That was, of course, before I got to the chapter where Joshua and Biff are living in a desert fortress with one of the three Magi and seven Asian concubines. You read that sentence correctly. Incidentally, that's where it all went down hill for me. The early chapters are full of clever twists on things we already know or think we know about the life of Jesus in 5 B.
We meet a young Mary Magdalene, and surprise surprise, she does have a crush on the Boy Who Would be the Savior, but her story take a delicious turn I didn't see coming and won't spoil for you. We also meet Jes.. The world of Joshua and Biff is contextualized for us, made relatable, by modern day Biff, reminiscing not only on his childhood but trying to compare it to this strange world he suddenly finds himself alone in.
Then, with almost no warning, the innocent reader is thrust into a world of sex, drugs, and kung fu.
My complaint is not with the sex, drugs, kung fu, meditation, yaks, human sacrifices, and bull violating but with the seemnig randomness in the story. It's like Moore got a little too comfortable with how well he was going and jumped the shark. Who cares iff it doesn't fit in history, this is fiction after all, but it doesn't fit in the narration. As the book goes on, we touch in less and less with modern day Biff, losing our conduit to the world that is slowly but sreuly getting more outlandish and harder to stay connected with. There are the last four chapters, with the ending we all know, slapdashed on the page as if the author has to interest in them himself, so why should we?
And then the books over. Arguably, that is the author's point. This book, Biff's Gospel, is about Joshua's life, not his death, and neither Moore, nor Biff, will give us the safisfaction of retreading every moment of the end, like some perverse literary "The Passion of the Christ. The charm of the book, of Biff himself, is that he treats his pal like anybody else He treats Joshua as his best friend in the world, but not as the Savior. By repriving the reader of the true anguish at the death of a best friend, Moore looses something His book had smarts and it had charm.
What it's missing is heart. A more detailed ending could have given us that. Without it, the book was accuate and mildly interesting View all 9 comments. Jan 08, Matthew rated it liked it Shelves: Good book - not great - especially when comparing it to other Moore books I have read. I enjoyed his Shakespeare satire better than the biblical satire - maybe because Shakespeare lends itself more to that.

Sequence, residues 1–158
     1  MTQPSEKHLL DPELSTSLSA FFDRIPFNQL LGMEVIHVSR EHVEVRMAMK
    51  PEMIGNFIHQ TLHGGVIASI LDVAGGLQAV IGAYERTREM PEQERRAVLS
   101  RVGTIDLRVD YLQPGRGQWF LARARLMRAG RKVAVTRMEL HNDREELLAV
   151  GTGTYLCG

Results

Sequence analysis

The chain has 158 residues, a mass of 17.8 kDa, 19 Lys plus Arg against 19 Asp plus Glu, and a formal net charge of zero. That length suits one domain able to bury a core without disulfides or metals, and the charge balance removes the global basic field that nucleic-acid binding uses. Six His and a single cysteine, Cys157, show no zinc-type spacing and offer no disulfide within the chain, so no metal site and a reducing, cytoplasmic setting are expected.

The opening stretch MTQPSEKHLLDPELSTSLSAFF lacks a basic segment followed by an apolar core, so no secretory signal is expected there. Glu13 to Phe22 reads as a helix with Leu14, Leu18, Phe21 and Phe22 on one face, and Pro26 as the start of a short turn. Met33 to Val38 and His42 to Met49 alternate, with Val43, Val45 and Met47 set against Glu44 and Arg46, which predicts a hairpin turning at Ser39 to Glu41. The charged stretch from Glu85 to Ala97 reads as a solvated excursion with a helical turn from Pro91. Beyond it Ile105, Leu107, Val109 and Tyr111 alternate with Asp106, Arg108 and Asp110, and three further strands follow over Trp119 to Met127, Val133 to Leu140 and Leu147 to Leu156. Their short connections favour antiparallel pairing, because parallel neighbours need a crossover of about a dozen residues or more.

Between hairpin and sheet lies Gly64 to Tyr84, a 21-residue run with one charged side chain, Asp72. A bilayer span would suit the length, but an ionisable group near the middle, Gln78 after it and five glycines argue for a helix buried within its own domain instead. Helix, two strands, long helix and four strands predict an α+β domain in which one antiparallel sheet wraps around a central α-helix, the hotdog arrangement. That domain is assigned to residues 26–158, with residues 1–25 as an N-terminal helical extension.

Most of the stars I have given are for the beginning of the book and then the last third of the book. Jesus Joshua as a child and the retelling of the gospels from a different viewpoint were really interesting and it is obvious that Moore did his research. The middle part of the book - where Good book - not great - especially when comparing it to other Moore books I have read.
The middle part of the book - where Biff and Joshua go in search of the wisemen kind of drug on and wasn't as interesting - but took up most of the book. So, I can say if you are a die-hard Moore fan or you enjoy satire, give this one a go. Otherwise, proceed with caution! View all 6 comments.
Second time reading this book and it is still one of my favorites. Christopher Moore weaves you through all of the major religions and all the while you are laughing your ass off. You can't say that about most religious books View all 7 comments. Sep 09, Algernon rated it it was amazing Shelves: What puts Lamb above the crowd for me was the surprising fact that this is not actually a lampooning of religion but a genuine attempt to capture the spirituality and the fervour of the original Gospels. It is also a proof that, despite claims from Lord of the Rings or Harry Potter fans, the Life of Jesus remains The Greatest Story Ever Told, able to capture the imagination and the hearts of readers two thousand years after it was first copyrighted.
As to why Moore has chosen comedy in order to tackle such an important subject, the answer may be found in the Voltaire quote he has put on the first page of the book: God is comedian playing to an audience that is afraid to laugh. In the dispute between the theories that we are put on Earth to learn about suffering or that we are supposed to enjoy the brief time in the sunlight, Moore votes emphatically on the later.
In order to focus solely on the project the angel locks himself with Biff inside a modern motel room with only a television set for entertainment. Talk shows featuring the screaming ignorant, soap operas, and wrestling. The setting serves a double scope in underlining the shallowness of popular entertainment and the need of the younger generations to be presented with adequate role models.
What hero could touch these children anyway, with their machines and medicine and distances made invisible? For Biff the answer can be only one, his childhood friend Joshua, the boy who conquered his young heart in the dusty street of Nazareth: Love without desire, or conditions, or limits — a pure and radiant glow in the heart that could make me giddy and sad and glorious all at once. Biff is lecherous, assertive and impulsive where Joshua is idealistic, self-doubting and contemplative.
They complete each other like the Chinese ying and yang symbols, but I am getting ahead of the story, it will be some years before they reach China. The plot in the opening chapters and in the last chapters is surprisingly close to the original Gospels, and the setting is convincing and rich in details, not only geographical, but also political and ethnographical, showing us how serious was the author in his research for the novel Moore went to Israel to get a better impression of the country and of its people.